"In memory of Charles Sturt and Collet Barker, Captains of the 39th Regiment, brother officers, fellow explorers and friends. Hereabouts, in February 1830, Sturt first saw the waters of Encounter Bay, thus crowning his heroic voyage of discovery down the Murray River. At the Murray Mouth in April 1831, Barker perished, having completed Sturt's task of exploration. During which he discovered the Port Adelaide inlet and first ascended Mount Lofty."
Captain Collet Barker was a military officer, explorer and friend of Captain Charles Sturt. He arrived in Australia as part of the 39th Regiment on the convict ship Phoenix which arrived in Sydney in 1828. He was less than a month in Sydney before he commenced his explorations. He started in the Northern Territory and crossed to Western Australia before his arrival in South Australia.
It was at Charles Sturt's urging that Collet Barker embark on a mission to help him find an outlet for the Murray River, which the local aboriginal people knew as "Millewah". Sturt had sailed into Lake Alexandrina on 9th February 1830 and was hopeful of finding a safe entrance for ships.
So, with Sturt's quest in mind, Barker climbed Mt Lofty to get a better view of the lay of the land. From its peak, he noticed several landmarks, which we now know as Barker Inlet at Port Adelaide and the Onkaparinga River in Port Noarlunga. He could see that the land south of (what was to become) Adelaide was fertile - "a rich, fat chocolate coloured earth".
On the 13th April 1831, Barker sailed his ship, the Isabella, to Yankalilla Bay and immediately began his task of finding a channel from the river. He couldn't find one on the western side of the peninsula, so headed overland to Lake Alexandrina and Encounter Bay where, from a high vantage point, he found what he was looking for - the mouth of the Murray River.
On the 29th of April 1830, Barker and his party of explorers reached the mouth of the Murray. Barker was the only person who could swim, so strapped a compass on his head and swam the narrow channel on his own. He walked over a sandhill on Hindmarsh Island where his men heard a sharp cry and Barker was never seen again. The exploration party waited for Barker to come back, but there was no sign of him. They then decided they needed to get help so headed back to the ship which was anchored off Rapid Bay and sailed to Kangaroo Island to get help from the seal hunters who lived there. The sealers responded and brought with them 3 aboriginal people to act as interpreters. Because of their help, they discovered that Captain Barker was speared to death and his body thrown into deep water. It is believed that Barker was mistaken for one of the itinerant Kangaroo Island sealers or whalers, who had been cruel to and mistreated the local Ngarrindjeri people of the Coorong. The Ngarrindjeri were not to know that Captain Barker was well known for being a humane friend to Aboriginal people all across the country. In his northern Australian expeditions, Barker had almost daily contact with Aboriginal people and at times was the only white person to accompany them while on walkabout for days and days at a time. A sad and ironic end for this popular explorer who was a friend, researcher and documenter of our country's original inhabitants.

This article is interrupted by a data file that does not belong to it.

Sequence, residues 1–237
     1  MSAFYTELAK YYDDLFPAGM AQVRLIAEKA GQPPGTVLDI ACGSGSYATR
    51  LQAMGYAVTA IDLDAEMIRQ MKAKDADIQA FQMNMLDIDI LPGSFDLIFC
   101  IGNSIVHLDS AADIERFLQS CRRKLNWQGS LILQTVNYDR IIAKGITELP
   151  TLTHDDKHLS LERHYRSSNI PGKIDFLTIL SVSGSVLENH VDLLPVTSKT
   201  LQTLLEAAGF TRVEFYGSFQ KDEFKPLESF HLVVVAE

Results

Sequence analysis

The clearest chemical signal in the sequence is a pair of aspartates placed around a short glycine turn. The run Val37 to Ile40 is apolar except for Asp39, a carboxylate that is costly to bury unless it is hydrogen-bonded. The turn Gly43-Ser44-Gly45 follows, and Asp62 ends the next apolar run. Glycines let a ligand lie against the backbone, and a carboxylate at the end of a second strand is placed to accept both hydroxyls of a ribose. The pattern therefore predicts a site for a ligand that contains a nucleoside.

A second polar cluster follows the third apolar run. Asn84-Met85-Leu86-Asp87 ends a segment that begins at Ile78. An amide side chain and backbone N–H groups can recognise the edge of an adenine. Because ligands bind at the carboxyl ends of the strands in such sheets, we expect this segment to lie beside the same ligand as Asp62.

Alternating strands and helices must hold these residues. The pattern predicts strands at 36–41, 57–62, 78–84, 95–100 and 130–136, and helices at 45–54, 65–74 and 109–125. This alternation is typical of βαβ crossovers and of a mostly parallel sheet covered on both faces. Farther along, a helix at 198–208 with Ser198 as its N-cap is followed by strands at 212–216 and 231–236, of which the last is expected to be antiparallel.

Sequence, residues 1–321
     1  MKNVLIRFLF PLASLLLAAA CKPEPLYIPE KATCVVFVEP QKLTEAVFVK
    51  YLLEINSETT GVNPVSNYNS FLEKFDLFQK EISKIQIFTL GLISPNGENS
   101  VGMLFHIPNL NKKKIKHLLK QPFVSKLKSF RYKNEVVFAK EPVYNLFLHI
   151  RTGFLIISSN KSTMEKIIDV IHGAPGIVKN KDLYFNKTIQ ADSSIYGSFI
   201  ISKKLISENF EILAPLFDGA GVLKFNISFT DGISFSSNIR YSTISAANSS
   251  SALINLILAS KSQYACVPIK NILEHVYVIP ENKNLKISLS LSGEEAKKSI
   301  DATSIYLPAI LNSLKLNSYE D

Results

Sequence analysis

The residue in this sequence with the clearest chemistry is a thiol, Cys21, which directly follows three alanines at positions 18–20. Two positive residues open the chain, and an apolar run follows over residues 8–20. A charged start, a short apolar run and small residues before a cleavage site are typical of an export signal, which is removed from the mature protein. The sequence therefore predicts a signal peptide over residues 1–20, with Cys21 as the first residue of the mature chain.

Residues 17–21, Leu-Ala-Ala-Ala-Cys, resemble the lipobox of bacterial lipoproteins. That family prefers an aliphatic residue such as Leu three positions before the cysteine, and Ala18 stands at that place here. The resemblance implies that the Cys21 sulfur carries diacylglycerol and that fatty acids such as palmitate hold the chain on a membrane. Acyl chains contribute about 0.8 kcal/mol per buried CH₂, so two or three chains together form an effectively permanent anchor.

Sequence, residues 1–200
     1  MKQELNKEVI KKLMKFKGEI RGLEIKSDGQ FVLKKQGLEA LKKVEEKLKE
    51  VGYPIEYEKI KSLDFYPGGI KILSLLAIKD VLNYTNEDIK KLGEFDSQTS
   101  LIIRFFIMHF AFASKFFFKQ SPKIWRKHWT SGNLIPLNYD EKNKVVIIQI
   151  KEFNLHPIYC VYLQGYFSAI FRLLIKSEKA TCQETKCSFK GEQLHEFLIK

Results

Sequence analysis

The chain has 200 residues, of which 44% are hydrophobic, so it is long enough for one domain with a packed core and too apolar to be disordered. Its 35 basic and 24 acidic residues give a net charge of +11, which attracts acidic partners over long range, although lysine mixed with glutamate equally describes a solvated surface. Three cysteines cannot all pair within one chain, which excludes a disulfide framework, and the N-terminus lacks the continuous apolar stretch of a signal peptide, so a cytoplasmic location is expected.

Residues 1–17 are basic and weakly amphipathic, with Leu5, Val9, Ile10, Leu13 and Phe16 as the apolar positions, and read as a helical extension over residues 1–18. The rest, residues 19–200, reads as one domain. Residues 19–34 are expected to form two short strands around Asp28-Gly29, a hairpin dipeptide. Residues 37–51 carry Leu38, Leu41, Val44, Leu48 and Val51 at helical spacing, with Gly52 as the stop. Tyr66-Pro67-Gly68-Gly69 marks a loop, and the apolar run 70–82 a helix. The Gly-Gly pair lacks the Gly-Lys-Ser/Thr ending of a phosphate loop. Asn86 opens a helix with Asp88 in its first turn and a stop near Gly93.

An excerpt from The Advertiser, 20th January 1930: "There was a record number of people on Hindmarsh Island yesterday to witness the unveiling of the memorial to Captain Charles Sturt and Captain Collet Barker. This memorial completes the chain along the River Murray. It is a massive monument 25 feet high and ten feet square at the base. It is built of granite and commands a view of the lakes, the Goolwa channel, the Murray mouth, and the sea. The site marks the spot where Captain Sturt first saw the southern ocean and the mouth of the Murray."
This epic voyage of discovery dashed Sturt's hopes that the Murray Mouth could be a site for the new colony's capital. The whole area was a veritable maze of lagoons and sandbars - there was no safe harbour at the end of the river as he had hoped.
Today, Hindmarsh Island is home to the largest freshwater marina development in the Southern Hemisphere and is a recreational playground for fishing, boating, bird watching and bushwalking. This is mostly due to the Hindmarsh Island bridge, which was opened in 2001.
The Island is also part of the Coorong National Park due to a large number of birds who live there all year round.
The highlight of any visit to the Island is to visit the Murray Mouth - the point where the magnificent Murray flows out into the Southern Ocean and is something that every visitor simply must do.
You can find the monument on the corner of Randell and Monument Roads, Hindmarsh Island.
Hindmarsh Island is 5 kilometres from Goolwa, which is approximately 100 kilometres south-east of Adelaide.